This service is my personal favorite and the one I use most. Unlike Dropbox, it does not have a handy desktop folder feature, but it makes up for it with more than twice the storage space. When you sign up for a free account you automatically get 5GB of storage. And if you install the Android or iOS app, you get upgraded to 50GB (at least, that was the case when I did it).

To save files to Box, go to www.box.com, login and press the Upload button.


Find your file and in a few seconds it's uploaded. You can then organize files into folders and put folders within folders.



The great fun with Box is its extra features. For starters, you can share files or folders with whomever you wish (or keep it private). This makes collaboration very nice. For instance, you can share files with a friend if you're collaborating on a project. Or, use this as a new and more efficient way of sharing files rather than e-mailing. I also like how you can embed files on websites. One of my favorite features is an e-mail to folder option, which gives a unique e-mail address to each folder. Then, you can e-mail any file directly to the folder.

If there are any downsides to Box, it would be the lack of a desktop folder, like Dropbox, but when you can claim up to 50GB of space that's really pretty minor.

SkyDrive
This was one of the first cloud services out there and really didn't catch on until recently. When I first signed up, they offered 25GB of storage space. Now, they offer 7GB (but if you signed up before, you can keep your storage). SkyDrive is a Microsoft service and you sign in with your Windows Live ID. Like Dropbox and Box, you can upload your files for shared access. There are SkyDrive apps available on Android and iOS for this app as well.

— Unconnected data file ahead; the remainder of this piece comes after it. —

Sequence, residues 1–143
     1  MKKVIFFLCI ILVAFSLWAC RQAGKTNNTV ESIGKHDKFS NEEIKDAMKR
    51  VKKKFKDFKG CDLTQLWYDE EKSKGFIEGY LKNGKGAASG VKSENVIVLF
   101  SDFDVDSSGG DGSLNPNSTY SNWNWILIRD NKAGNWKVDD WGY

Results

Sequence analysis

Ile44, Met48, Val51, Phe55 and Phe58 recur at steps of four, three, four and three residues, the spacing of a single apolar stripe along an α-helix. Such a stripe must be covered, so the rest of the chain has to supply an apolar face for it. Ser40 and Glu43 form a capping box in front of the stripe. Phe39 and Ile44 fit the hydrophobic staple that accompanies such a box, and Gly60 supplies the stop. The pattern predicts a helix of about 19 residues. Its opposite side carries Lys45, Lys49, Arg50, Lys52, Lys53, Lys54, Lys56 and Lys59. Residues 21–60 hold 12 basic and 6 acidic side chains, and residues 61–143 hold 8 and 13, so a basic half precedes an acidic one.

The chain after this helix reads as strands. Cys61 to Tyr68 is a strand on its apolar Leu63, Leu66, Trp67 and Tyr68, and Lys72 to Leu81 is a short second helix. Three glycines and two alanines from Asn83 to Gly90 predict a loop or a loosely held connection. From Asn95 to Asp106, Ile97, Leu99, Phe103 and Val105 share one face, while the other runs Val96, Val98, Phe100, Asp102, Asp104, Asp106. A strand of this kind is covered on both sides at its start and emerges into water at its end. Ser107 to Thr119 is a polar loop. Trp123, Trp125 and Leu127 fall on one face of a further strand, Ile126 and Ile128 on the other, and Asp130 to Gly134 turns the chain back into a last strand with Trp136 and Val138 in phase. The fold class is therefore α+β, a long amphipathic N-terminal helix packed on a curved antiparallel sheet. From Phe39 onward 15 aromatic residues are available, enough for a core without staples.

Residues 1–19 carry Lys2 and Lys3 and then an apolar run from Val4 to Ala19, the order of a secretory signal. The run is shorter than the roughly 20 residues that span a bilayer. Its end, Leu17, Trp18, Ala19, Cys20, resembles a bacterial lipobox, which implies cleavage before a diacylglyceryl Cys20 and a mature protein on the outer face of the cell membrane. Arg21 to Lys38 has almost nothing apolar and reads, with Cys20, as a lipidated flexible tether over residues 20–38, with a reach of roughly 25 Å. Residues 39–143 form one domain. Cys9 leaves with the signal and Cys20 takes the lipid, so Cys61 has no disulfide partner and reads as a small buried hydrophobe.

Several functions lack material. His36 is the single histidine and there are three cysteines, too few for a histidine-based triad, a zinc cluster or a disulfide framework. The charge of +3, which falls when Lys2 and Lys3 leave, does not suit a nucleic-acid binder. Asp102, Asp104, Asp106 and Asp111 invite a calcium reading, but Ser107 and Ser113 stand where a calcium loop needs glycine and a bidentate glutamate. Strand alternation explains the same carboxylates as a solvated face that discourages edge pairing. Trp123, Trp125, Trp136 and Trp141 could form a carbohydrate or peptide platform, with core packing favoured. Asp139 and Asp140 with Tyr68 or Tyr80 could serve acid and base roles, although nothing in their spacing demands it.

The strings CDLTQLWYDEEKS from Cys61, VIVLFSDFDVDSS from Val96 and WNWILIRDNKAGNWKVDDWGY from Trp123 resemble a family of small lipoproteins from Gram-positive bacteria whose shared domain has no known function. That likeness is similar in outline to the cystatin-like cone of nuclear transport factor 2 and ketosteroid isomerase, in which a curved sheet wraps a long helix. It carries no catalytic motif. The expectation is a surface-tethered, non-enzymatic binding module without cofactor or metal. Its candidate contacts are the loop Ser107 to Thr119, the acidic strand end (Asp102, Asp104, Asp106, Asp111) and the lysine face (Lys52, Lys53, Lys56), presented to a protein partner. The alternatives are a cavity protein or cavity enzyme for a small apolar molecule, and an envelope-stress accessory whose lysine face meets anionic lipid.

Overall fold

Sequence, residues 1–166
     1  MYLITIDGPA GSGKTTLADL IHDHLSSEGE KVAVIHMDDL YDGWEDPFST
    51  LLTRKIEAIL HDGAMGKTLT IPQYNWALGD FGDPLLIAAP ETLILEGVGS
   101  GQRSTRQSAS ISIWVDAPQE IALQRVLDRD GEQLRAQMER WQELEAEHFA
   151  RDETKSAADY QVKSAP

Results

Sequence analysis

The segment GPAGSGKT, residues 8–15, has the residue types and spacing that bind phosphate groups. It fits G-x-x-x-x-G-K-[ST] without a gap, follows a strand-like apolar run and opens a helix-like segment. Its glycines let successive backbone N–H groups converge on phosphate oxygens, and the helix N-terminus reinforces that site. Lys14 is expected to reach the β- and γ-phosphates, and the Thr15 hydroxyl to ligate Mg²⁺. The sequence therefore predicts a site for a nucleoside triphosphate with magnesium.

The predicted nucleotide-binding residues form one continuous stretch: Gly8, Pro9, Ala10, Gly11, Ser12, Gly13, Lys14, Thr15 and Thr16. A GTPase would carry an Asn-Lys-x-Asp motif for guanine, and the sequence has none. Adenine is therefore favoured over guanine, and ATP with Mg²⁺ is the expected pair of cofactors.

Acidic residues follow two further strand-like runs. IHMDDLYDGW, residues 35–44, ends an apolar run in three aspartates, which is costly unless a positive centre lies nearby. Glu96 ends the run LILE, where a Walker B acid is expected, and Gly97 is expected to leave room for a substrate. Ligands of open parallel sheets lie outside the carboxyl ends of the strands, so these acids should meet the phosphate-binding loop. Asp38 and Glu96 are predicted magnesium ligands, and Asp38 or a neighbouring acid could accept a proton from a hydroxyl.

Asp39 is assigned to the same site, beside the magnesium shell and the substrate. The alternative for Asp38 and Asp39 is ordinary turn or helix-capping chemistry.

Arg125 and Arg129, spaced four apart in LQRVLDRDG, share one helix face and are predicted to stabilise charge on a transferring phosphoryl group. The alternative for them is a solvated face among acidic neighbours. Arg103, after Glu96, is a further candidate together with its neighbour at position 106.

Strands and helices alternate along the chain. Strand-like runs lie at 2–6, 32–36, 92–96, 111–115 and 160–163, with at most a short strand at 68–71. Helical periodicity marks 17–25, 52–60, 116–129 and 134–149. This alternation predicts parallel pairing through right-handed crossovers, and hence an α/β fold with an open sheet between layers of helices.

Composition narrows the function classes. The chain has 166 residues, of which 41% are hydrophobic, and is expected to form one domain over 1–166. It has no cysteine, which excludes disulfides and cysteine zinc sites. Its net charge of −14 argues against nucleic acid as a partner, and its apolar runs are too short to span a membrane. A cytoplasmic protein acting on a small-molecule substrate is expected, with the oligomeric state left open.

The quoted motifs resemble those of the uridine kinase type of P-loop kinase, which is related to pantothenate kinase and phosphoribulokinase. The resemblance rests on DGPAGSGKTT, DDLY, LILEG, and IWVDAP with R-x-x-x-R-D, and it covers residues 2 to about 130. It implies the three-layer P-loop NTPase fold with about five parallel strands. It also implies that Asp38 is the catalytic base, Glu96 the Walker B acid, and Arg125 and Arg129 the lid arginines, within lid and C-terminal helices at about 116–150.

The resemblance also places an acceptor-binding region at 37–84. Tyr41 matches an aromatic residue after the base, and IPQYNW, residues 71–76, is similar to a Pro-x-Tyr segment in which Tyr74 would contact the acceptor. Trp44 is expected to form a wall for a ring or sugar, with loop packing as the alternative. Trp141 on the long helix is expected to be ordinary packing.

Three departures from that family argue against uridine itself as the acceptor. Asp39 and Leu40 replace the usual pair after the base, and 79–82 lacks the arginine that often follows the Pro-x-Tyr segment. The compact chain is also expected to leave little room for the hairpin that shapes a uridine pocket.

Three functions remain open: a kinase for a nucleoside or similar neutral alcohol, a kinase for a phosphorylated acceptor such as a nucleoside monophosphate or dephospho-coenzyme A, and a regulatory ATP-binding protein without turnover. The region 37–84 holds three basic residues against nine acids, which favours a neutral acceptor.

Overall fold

The cool part of SkyDrive, besides the 7GB, is the ability to create Microsoft Office files online and have those files automatically saved in SkyDrive. You can create Word, Excel, PowerPoint and OneNote files. With this kind of service, you can really do your work on the go.



There really aren't too many downsides to SkyDrive. Yes, the interface still feels kind of Hotmail-ish, but the mobile app interface is rather beautiful. I highly recommend SkyDrive. It's the cloud service I've used the longest and it doesn't get enough positive attention, so I'll give it a good shout out.

Google Drive
Surprisingly, Google is the newcomer on the block. Google has offered a cloud-type capability for years with Google Docs, but it wasn't fully a cloud service until just recently. If you already have a Gmail account, you can quickly register for a Google Drive account which gives you 5GB of storage. If you already use Google Docs, all those files are added to your Google Drive account.

Google Drive is the best of Dropbox and SkyDrive. Like Dropbox, there is an application you can download that puts a special Google Drive folder on your computer. You can drag and drop files into this folder and they will sync online. You will also see all your Google Docs files on your computer, which is really nice because sometimes I forget what I have stored there. Like SkyDrive, you have access to document creation, including a word processor, spreadsheet, presentation, drawing and forms.



Google Drive is young so expect some kinks to be worked out over the next few months, but it's a solid service and well worth the download.

So which one should you choose? If you're like me, sign up for all of them. They are free and it never hurts to have all that cloud storage space. I find I use Box the most because it feels the most convenient and clean cut, plus I like their iOS app the best. The best way to discover which service meets your needs is to try them all. I'm sure you'll get a winner and the best part is you will win because you will always have your files with you. I'll see you in the cloud.